In a rather sardonic response to Wesleyan’s gun violence forum and similar gun control demands on college campuses, The Onion completely shat on every college’s contribution to the gun discussion in a video clip titled “College Activists Excited to Add Powerless Voices to the Gun Debate.” At about 0:34 seconds in, a screenshot of an Argus editorial on the subject is
hilariously incorrectly dubbed a “fruitless campus newspaper editorial.”
Curiously, the Argus shot is immediately followed by a phone interview with “Michael Feiring, Vassar Student,” whom upperclassmen will immediately recognize as Micah Feiring ’11, former WSA President (and not quite a Vassar student). Wesleying reached out to Feiring for comment last Friday, and he replied yesterday.
“I was actually unaware of this video at the time I received your message,” wrote Feiring. “Needless to say, I did not speak with The Onion about the role college activists play in the gun control debate. I do support stricter regulations and I think that all voices are significant in the gun control dialogue—even poorly run newspapers like the Wesleyan Argus.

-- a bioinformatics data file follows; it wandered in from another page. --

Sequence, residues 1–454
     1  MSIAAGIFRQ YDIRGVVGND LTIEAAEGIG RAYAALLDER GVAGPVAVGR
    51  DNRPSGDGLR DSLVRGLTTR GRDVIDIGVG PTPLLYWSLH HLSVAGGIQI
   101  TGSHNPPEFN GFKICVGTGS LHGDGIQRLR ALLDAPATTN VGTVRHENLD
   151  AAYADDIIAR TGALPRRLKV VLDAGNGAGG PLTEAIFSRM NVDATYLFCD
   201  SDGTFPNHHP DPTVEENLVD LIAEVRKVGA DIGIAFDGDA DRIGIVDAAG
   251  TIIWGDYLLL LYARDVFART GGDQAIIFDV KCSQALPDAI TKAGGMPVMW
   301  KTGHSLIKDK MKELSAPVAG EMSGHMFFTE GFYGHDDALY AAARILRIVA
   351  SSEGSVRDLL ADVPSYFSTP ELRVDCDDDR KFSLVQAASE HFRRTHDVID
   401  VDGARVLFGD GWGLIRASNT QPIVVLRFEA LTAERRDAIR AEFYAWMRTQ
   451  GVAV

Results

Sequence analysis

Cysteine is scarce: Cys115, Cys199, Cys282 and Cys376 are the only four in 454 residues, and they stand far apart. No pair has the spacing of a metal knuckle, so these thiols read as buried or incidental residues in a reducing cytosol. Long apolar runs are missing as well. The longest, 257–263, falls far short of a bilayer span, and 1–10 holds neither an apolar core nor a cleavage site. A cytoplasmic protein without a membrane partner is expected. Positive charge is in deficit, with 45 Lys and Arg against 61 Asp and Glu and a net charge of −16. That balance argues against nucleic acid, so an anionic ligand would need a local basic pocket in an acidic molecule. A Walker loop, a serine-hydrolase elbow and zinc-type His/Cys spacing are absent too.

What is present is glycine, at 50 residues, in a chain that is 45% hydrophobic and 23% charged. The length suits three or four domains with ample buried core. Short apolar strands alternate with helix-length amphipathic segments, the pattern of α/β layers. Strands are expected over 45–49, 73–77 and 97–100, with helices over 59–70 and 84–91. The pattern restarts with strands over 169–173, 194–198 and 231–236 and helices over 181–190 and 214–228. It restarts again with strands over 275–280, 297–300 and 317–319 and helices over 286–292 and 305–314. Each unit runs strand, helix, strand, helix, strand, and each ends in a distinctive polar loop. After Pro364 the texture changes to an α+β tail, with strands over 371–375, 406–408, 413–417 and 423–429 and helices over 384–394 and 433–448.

Last week, members of Wesleying and The Argus’s editorial staffs collaborated on a joint editorial regarding the whole need-blind thing. The piece appeared in Friday’s Argus, and while it’s not quite as poetic as Martin Benjamin ’57’s latest (which uses the phrase “fat-fannied corps of social engineers” and refers to President Roth as “Mike the Ripper”), it nonetheless appears below. If you don’t think opinion pieces belong on Wesleying, go ahead and skip this one.
Next week, Wesleying will host a live forum with President Roth regarding the need-blind issue and general concerns. Check back for details later in the week.
As the editors of the two most prominent news publications on campus, The Wesleyan Argus and Wesleying, we’d like to make public our support for the movement to preserve need-blind admissions at Wesleyan University. Though we have never written a joint editorial before, we think it is now imperative that we use our platforms on campus to show solidarity with this cause. We’ve been concerned with how few details we have been provided regarding financial considerations and administrative decisions. We’ve been more concerned by the alarming shortsightedness of this decision—one that severely compromises the value Wesleyan places on socioeconomic diversity.